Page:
Both my vehicles have Bluebird Plates. I prefer the bluebird because the nongame program gets 70 percent of the money from bluebird plates, but only 60 percent of the money from elk and trout plates - 10 percent of the money from elk plates supports wildlife disease monitoring and testing programs (to benefit the livestock industry) and 10 percent from cutthroat plates supports non-motorized boat access.

Incidentally, in 2014, the Idaho Legislature denied the Department of Fish and Game the ability to add new plates or even to change the name of the elk and cutthroat plates (very specific) to wildlife and fish plates, a move that would have allowed for changing images occasionally and generating more revenue. It would seem that they believe that we Idahoans don't want a well funded wildlife program. Go figure. 


"WOW. What a phenomenal piece you wrote. You are amazing." Jennifer Jackson

That is embarrassing but actually a fairly typical response to my nature essays. Since The Best of Nature is created from the very best of 16 years of these nature essays published weekly in the Idaho Falls Post Register (online readership 70,000), it is a fine read. It covers a wide variety of topics including humorous glimpses of nature, philosophy, natural history, and conservation. Readers praise the style, breadth of subject matter and my ability to communicate complex and emotional topics in a relaxed and understandable manner.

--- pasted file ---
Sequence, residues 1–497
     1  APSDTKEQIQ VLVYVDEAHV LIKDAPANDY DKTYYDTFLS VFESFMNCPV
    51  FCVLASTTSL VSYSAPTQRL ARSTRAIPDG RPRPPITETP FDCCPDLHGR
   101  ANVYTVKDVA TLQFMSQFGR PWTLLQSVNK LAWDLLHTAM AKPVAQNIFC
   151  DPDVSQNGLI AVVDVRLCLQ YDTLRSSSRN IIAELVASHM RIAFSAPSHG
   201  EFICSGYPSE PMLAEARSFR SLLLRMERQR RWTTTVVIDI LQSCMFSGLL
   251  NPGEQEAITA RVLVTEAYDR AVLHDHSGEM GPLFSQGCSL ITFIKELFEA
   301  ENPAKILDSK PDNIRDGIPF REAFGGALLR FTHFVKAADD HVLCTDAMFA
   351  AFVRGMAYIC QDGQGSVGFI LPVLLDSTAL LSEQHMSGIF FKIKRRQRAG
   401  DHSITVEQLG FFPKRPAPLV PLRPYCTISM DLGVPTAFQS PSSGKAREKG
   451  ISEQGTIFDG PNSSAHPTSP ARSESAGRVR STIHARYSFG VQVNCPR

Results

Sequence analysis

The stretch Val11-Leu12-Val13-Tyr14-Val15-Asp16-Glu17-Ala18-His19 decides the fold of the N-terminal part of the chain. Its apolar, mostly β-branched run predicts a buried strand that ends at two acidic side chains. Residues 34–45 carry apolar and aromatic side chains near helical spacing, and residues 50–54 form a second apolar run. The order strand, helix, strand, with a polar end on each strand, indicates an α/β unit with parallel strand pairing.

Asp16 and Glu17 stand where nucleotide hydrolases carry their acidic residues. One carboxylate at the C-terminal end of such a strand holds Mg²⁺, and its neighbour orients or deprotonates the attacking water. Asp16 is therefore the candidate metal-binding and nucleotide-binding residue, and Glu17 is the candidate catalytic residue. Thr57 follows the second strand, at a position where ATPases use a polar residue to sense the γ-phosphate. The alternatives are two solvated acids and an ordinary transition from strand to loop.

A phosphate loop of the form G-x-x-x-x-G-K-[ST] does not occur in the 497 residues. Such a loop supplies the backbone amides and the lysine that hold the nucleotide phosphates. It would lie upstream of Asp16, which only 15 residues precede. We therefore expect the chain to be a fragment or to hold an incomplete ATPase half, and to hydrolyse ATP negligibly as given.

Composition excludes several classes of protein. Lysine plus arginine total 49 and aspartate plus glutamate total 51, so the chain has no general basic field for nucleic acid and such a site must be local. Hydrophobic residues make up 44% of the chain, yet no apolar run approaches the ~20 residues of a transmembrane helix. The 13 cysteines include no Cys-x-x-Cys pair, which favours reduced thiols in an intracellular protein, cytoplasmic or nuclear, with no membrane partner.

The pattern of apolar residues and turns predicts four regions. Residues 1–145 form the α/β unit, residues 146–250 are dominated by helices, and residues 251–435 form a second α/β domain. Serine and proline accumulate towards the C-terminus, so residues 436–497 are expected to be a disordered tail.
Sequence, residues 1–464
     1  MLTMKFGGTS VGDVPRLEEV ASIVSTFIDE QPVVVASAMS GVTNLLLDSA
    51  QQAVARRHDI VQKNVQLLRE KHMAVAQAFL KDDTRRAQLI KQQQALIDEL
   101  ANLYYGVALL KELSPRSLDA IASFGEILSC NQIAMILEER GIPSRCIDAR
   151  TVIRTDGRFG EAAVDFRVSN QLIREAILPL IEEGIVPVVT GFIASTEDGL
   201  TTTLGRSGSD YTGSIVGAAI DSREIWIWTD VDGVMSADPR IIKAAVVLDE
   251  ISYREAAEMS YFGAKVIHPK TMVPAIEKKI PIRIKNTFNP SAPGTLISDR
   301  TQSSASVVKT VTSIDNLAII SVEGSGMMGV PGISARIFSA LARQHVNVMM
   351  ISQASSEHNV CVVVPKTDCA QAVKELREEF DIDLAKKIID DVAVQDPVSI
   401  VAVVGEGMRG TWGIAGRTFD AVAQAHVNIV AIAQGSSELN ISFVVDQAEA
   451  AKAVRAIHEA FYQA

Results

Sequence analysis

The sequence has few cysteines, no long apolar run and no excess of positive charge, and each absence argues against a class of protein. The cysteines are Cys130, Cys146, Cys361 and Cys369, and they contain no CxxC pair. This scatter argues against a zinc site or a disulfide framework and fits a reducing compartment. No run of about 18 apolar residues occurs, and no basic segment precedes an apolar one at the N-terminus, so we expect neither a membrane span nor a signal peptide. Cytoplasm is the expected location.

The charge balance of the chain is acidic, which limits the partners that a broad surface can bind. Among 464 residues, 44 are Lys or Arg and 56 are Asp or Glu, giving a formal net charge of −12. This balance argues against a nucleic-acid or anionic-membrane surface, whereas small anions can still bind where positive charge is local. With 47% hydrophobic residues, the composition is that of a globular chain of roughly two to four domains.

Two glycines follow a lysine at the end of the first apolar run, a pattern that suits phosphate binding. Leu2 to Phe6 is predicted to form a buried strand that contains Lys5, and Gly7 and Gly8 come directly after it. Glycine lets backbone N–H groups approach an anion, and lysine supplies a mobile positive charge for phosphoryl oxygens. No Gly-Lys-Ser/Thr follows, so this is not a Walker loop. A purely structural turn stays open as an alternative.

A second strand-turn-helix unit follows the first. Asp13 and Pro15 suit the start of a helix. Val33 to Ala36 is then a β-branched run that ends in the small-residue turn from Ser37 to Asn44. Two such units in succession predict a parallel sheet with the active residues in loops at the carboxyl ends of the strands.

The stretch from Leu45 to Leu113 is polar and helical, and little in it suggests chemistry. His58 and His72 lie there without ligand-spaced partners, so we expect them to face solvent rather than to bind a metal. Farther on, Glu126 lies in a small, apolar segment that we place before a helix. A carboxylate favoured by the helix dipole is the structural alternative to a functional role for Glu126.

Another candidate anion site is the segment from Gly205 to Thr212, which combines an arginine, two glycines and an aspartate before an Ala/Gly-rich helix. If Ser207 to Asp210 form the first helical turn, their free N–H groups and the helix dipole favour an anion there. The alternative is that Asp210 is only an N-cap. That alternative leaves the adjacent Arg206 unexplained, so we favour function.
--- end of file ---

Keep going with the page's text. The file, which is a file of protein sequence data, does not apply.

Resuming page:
Everyone can find something to love in this book. From teenagers to octogenarians, from the coffee shop to the school room, these nature essays are widely read and enjoyed.

Some of the essays here are my personal favorites, others seemed to strike a chord with readers. Most have an important message or lesson that will resonate with you. They are written with a goal to simultaneously entertain and educate about the wonderful workings of nature. Some will make you laugh out loud and others will bring a tear to the eye and warm your heart.

Readers Write:

"You hit a home run with your article on, Big Questions in Nature. It should be required reading for everyone who has lost touch with nature...great job!" Joe Chapman

"We enjoyed your column, Bloom Where Planted. Some of the best writing yet. The Post Register is fortunate to have your weekly columns." Lou Griffin.

To read more and to order a copy, click here or get the Kindle version 

here

Copies are also available at:

Post Register

Barnes and Noble in Idaho Falls

Perfect Light Photo Supply

Museum of Idaho

Valley Books, Jackson Wyoming

Avocet Corner Bookstore, Bear River National Wildlife Refuge, Brigham City, Utah

Craters of the Moon National Monument Bookstore, Arco, Idaho